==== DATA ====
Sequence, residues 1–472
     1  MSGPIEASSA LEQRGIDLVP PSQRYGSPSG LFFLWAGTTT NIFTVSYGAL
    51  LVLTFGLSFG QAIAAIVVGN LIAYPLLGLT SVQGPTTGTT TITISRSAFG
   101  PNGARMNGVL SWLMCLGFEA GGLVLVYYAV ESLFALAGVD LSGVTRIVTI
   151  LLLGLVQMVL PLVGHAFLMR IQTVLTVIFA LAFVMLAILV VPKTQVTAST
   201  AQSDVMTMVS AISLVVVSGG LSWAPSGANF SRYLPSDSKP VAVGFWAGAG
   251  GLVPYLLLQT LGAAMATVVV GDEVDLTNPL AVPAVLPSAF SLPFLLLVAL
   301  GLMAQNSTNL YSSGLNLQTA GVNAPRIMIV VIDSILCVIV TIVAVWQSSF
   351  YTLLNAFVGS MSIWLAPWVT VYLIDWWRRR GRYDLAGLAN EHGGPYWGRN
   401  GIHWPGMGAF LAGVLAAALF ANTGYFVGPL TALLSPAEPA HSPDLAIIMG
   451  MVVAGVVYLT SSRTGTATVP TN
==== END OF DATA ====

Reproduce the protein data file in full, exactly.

Sequence, residues 1–472
     1  MSGPIEASSA LEQRGIDLVP PSQRYGSPSG LFFLWAGTTT NIFTVSYGAL
    51  LVLTFGLSFG QAIAAIVVGN LIAYPLLGLT SVQGPTTGTT TITISRSAFG
   101  PNGARMNGVL SWLMCLGFEA GGLVLVYYAV ESLFALAGVD LSGVTRIVTI
   151  LLLGLVQMVL PLVGHAFLMR IQTVLTVIFA LAFVMLAILV VPKTQVTAST
   201  AQSDVMTMVS AISLVVVSGG LSWAPSGANF SRYLPSDSKP VAVGFWAGAG
   251  GLVPYLLLQT LGAAMATVVV GDEVDLTNPL AVPAVLPSAF SLPFLLLVAL
   301  GLMAQNSTNL YSSGLNLQTA GVNAPRIMIV VIDSILCVIV TIVAVWQSSF
   351  YTLLNAFVGS MSIWLAPWVT VYLIDWWRRR GRYDLAGLAN EHGGPYWGRN
   401  GIHWPGMGAF LAGVLAAALF ANTGYFVGPL TALLSPAEPA HSPDLAIIMG
   451  MVVAGVVYLT SSRTGTATVP TN